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Price Discrimination and Rising Costs: Is There Any Relationship?

  • Gregory Randolph
Chapter

Abstract

Institutions of higher learning in the US employ price discrimination, a practice that results in different students paying varying prices to attend the same school. Largely due to their ability to access personal financial information through their financial aid departments and the federal student aid program, colleges can tailor tuition rates according to an individual student’s financial situation (in addition to other student characteristics). This strategy has been used by colleges throughout the history of higher education to provide needy students with the opportunity to attend college, and help optimize enrollment decisions. While price discrimination enhances welfare by enabling students who would not attend college under a single pricing scheme, it can also be welfare reducing when schools employ strategies to attract full-pay students and limit financially needy students. Additionally, students are not aware of the exact tuition that they will ultimately pay until they are accepted by the college. Although this process enables schools to offer high sticker prices and makes it difficult for potential students to compare colleges by tuition before applying, price discrimination does not appear to be a primary cause of ­rising college costs.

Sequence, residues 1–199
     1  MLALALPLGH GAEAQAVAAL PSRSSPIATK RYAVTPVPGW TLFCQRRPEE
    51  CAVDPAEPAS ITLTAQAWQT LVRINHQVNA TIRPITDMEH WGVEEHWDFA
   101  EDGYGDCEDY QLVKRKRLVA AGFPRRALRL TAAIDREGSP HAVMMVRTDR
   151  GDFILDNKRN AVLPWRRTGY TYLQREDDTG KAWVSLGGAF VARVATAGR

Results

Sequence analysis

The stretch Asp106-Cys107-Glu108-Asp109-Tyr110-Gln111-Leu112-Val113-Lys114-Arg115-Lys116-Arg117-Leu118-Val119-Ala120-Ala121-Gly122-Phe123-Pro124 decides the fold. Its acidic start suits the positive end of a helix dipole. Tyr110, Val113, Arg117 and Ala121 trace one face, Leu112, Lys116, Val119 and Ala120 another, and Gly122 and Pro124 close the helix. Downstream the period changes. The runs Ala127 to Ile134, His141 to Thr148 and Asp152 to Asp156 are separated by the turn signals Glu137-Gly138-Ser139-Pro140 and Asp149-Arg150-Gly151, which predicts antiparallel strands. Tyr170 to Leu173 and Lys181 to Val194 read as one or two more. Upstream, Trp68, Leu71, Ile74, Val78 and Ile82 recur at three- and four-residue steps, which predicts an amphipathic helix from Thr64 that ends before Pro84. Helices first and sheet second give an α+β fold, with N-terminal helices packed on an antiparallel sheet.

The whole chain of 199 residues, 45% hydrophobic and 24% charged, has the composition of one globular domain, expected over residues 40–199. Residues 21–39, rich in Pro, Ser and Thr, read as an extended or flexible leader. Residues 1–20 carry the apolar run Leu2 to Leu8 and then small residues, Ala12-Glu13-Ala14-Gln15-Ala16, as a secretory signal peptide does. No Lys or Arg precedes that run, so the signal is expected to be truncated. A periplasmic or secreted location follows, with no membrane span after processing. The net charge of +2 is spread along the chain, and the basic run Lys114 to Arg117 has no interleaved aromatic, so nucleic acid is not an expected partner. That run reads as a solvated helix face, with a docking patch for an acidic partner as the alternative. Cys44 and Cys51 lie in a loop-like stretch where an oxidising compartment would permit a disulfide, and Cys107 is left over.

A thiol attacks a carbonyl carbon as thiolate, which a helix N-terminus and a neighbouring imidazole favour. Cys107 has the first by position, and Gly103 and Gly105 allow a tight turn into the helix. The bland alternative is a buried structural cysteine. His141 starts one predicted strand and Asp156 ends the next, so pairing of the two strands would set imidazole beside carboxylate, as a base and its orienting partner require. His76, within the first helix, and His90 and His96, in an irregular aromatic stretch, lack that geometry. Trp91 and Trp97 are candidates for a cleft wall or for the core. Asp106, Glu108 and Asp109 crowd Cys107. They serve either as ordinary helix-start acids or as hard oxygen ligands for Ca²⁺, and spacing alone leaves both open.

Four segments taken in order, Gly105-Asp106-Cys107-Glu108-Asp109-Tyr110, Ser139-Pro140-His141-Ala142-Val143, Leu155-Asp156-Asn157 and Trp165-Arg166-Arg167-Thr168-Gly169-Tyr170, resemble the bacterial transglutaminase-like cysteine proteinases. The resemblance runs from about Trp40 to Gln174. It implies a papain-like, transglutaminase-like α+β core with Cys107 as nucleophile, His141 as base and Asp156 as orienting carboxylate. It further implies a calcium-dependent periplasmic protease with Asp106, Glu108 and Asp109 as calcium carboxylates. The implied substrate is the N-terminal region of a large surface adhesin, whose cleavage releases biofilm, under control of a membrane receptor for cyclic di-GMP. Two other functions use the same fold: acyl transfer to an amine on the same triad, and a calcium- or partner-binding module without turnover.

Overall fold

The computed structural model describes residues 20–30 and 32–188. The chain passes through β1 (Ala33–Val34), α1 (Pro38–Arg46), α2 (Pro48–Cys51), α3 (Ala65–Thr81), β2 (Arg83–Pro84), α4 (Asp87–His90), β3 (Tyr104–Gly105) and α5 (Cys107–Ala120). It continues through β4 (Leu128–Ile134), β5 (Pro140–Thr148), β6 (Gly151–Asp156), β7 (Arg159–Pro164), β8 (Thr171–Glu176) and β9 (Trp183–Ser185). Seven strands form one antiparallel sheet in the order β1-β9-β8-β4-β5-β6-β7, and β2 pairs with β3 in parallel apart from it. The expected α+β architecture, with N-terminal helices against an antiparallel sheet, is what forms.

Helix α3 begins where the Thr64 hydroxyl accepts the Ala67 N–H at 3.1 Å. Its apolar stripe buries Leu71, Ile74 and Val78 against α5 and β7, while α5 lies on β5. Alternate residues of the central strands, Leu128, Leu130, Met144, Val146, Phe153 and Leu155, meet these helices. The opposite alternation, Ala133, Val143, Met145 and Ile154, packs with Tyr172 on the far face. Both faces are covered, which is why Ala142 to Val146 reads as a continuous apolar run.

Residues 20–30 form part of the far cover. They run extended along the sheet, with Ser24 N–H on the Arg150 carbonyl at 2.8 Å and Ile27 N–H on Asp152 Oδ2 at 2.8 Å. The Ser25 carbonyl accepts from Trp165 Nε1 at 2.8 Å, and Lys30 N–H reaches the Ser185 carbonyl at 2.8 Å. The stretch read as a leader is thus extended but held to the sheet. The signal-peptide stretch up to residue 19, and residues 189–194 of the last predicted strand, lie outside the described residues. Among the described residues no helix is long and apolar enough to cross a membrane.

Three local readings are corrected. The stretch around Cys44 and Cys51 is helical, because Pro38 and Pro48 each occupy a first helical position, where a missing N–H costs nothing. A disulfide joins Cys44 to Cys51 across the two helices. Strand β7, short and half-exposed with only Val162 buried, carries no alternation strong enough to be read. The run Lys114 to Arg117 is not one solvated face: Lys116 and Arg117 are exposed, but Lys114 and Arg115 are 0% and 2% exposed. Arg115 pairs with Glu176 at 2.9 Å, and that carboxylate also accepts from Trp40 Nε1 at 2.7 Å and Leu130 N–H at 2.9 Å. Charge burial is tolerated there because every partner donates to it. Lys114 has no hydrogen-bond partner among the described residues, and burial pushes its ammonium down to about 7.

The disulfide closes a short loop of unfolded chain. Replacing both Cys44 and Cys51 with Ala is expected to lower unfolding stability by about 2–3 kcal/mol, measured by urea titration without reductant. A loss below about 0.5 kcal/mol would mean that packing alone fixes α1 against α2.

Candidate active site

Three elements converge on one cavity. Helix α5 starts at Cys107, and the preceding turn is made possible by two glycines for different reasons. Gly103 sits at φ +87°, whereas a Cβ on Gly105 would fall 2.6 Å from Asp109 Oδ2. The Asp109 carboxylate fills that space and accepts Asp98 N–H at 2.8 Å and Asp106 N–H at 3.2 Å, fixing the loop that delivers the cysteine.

Keywords

Consumer Surplus Price Discrimination College Entrance Examination Deadweight Loss Social Efficiency 
These keywords were added by machine and not by the authors. This process is experimental and the keywords may be updated as the learning algorithm improves.

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Copyright information

© Springer New York 2010

Authors and Affiliations

  1. 1.Southern New Hampshire UniversityManchesterUSA

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